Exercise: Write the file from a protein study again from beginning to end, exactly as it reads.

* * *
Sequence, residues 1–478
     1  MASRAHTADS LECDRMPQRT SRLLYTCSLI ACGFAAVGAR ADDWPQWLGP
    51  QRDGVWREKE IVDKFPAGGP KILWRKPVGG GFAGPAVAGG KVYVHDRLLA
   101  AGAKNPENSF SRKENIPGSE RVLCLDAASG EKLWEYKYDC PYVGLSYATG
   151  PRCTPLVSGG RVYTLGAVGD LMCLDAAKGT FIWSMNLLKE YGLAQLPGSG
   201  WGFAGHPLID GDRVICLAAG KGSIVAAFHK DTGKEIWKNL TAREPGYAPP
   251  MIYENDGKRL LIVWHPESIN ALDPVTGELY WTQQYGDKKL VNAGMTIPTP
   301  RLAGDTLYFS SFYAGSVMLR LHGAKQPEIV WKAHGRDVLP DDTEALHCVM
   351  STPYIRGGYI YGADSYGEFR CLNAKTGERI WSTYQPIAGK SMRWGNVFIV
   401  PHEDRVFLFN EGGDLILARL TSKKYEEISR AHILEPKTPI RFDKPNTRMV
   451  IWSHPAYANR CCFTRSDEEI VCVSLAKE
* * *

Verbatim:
Sequence, residues 1–478
     1  MASRAHTADS LECDRMPQRT SRLLYTCSLI ACGFAAVGAR ADDWPQWLGP
    51  QRDGVWREKE IVDKFPAGGP KILWRKPVGG GFAGPAVAGG KVYVHDRLLA
   101  AGAKNPENSF SRKENIPGSE RVLCLDAASG EKLWEYKYDC PYVGLSYATG
   151  PRCTPLVSGG RVYTLGAVGD LMCLDAAKGT FIWSMNLLKE YGLAQLPGSG
   201  WGFAGHPLID GDRVICLAAG KGSIVAAFHK DTGKEIWKNL TAREPGYAPP
   251  MIYENDGKRL LIVWHPESIN ALDPVTGELY WTQQYGDKKL VNAGMTIPTP
   301  RLAGDTLYFS SFYAGSVMLR LHGAKQPEIV WKAHGRDVLP DDTEALHCVM
   351  STPYIRGGYI YGADSYGEFR CLNAKTGERI WSTYQPIAGK SMRWGNVFIV
   401  PHEDRVFLFN EGGDLILARL TSKKYEEISR AHILEPKTPI RFDKPNTRMV
   451  IWSHPAYANR CCFTRSDEEI VCVSLAKE